"For the record, I'm not one of those people that question any of his records," Gordon quickly added. "To me, you still have to get behind the wheel and drive that car. Clearly, he did that."
Thanks for the support, Jeff. At least we gave you a vote.
"I know a lot of people were always jealous of Richard," said Pearson, Petty's archrival. "Because they thought maybe he had an unfair advantage all those years with so much money coming from Chrysler."
I guess some dullards think Pearson's famous No. 21 ride wasn't being supported by Ford-Mercury. Or that Hendrick Motorsports gets no help from Chevy, or Roush Fenway never receives a phone call from Ford, or Joe Gibbs Racing never has had a conversation with the folks at Toyota. And perhaps Earnhardt's GM Goodwrench Chevy never received any technical support from, oh, I dunno GM?
"Trust me," Pearson said with a wink. "If you're winning, you're getting support from someone."
So, what's left? Could it be that Petty's relationship with the media kept him from compiling enough support to crack the ESPN.com top five? Is he the Jim Rice of NASCAR, doomed to pay the price for his contentious ways with sportswriters and sports fans?
I think Richard set the tone for all of us. And he put the pressure on all of us. We have to be as nice as he is.
-- Mario Andretti
"Do what?!" As John Force reacted to the question, the 14-time NHRA champion nearly blew his sunglasses off his head. "You know who taught me how to deal with fans? Richard Petty. You know who taught me how to deal with the media? Richard Petty. I don't know a single racer in this country who hasn't used him as a role model. Hell, I don't know a single racer in this country who hasn't asked him for his autograph. And you know he signed it for them, because you know what he told me? 'Don't ever say no. No matter how long it takes. Without them, there's no us.'"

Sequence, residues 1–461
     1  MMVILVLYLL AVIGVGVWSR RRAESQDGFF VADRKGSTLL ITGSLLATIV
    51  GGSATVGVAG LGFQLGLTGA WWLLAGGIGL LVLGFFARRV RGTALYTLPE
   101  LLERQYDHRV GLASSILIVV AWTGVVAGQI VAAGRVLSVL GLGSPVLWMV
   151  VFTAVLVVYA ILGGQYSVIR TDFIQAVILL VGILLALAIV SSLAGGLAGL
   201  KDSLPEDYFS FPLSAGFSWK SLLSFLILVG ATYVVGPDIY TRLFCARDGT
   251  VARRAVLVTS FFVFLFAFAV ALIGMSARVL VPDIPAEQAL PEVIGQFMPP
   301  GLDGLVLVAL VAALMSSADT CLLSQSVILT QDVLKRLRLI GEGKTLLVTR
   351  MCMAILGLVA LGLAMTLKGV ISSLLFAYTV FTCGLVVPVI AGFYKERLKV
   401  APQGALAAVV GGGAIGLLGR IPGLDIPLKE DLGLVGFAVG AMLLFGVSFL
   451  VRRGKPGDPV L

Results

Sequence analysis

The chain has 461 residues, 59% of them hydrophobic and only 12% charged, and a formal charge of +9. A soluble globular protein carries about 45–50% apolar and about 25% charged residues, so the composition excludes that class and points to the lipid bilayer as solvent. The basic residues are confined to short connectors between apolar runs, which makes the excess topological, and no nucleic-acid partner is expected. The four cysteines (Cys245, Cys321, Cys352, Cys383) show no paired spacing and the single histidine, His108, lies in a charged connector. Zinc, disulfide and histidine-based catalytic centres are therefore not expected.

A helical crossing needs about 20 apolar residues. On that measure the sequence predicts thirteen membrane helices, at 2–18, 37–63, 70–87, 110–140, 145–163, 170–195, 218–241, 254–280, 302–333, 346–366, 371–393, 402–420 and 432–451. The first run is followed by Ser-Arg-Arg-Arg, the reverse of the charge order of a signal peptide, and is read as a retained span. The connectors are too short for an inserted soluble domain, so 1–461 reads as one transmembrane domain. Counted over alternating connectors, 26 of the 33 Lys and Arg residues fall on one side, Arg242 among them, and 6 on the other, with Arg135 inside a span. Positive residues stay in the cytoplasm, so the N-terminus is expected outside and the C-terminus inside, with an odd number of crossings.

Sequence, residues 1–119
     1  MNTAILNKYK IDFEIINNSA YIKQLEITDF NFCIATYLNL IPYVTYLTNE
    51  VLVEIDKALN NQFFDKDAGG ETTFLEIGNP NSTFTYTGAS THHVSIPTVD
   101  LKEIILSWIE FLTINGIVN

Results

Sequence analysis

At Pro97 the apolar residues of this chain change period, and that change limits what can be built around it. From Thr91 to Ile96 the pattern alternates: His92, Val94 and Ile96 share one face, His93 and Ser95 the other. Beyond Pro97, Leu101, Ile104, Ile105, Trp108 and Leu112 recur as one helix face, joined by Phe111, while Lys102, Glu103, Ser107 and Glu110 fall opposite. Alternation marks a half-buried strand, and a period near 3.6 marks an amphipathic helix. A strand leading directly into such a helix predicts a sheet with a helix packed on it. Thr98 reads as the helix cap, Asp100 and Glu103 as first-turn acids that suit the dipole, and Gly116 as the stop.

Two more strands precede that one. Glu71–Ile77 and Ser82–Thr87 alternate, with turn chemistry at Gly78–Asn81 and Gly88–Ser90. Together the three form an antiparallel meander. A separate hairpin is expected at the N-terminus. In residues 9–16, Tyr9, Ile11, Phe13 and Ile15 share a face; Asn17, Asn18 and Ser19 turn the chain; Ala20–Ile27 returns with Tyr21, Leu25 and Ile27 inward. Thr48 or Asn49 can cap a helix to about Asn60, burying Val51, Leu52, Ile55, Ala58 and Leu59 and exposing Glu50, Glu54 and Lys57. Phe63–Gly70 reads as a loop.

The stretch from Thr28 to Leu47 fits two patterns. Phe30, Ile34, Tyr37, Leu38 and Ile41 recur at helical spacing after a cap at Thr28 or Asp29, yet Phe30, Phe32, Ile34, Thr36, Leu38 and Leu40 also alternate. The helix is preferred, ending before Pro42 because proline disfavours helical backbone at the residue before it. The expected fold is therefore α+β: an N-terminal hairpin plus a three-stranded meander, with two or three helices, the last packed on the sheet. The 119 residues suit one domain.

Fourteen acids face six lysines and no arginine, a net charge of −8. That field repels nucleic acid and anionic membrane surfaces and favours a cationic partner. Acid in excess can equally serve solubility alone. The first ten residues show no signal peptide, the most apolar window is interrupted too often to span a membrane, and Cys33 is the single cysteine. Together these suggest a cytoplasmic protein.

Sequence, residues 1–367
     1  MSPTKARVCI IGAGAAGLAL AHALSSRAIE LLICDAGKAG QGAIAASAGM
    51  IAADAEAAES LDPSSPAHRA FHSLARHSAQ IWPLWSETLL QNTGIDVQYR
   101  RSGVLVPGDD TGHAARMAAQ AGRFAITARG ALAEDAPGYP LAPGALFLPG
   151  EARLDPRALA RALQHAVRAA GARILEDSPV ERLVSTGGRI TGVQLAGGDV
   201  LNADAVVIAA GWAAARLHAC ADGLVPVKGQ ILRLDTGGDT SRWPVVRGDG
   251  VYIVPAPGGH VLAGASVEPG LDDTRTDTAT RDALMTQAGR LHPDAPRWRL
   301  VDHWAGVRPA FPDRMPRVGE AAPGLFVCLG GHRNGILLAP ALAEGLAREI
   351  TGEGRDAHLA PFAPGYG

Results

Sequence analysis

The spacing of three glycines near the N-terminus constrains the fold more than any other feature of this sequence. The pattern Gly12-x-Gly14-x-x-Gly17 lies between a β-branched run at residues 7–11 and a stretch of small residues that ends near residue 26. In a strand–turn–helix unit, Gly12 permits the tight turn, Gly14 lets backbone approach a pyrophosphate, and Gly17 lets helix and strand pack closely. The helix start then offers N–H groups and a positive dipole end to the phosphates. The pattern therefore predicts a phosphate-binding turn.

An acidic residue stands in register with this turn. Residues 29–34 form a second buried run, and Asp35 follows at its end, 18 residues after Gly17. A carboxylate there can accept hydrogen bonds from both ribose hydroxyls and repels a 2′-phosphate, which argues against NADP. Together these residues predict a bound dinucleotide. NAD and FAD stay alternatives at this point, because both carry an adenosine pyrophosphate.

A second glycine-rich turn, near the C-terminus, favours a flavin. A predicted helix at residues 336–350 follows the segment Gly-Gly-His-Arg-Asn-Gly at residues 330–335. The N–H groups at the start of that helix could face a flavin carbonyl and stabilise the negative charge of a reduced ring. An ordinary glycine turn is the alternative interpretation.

I placed a call to Guinness World Records and asked who holds the record for most autographs signed in the history of Earth. The gentleman I talked to said Guinness doesn't keep that record but admitted he is a huge NASCAR fan and "though it is impossible to go back and count, the general assumption is that Mr. Petty is indeed likely the holder of the mark."
"I think Richard set the tone for all of us," Mario Andretti said. "And he put the pressure on all of us. We have to be as nice as he is."
So, to recap, over the past 1,000 words, the following drivers have backed The King's cause: Jeff Gordon, David Pearson, John Force and Mario Andretti. For our last voice of support, we reach out into the afterlife. To the one stock car racer most NASCAR fans point to as the man who always should be ranked ahead of Richard Petty.
In the fall of 1999, I was having lunch with Dale Earnhardt, just a few weeks after his startling spin-and-win Bristol victory against Terry Labonte. Soon the subject turned to ESPN Classic's documentary series "SportsCentury" and its ranking of the top athletes of the 20th century. The Intimidator was particularly perturbed that no racer had cracked the top 50, while Secretariat, a horse, was ranked 36th.
"If you had to rank the all-time racers," I asked him, "where would you put yourself?"
"I don't care where you put me," he said, adding that he merely wanted to be ranked ahead of Gordon. "But I have to be behind A.J. [Foyt], Mario and Richard. There's only one King."
And that King just got robbed.
Ryan McGee, a senior writer for ESPN The Magazine, is the author of "ESPN Ultimate NASCAR: 100 Defining Moments in Stock Car Racing History." He can be reached at firstname.lastname@example.org.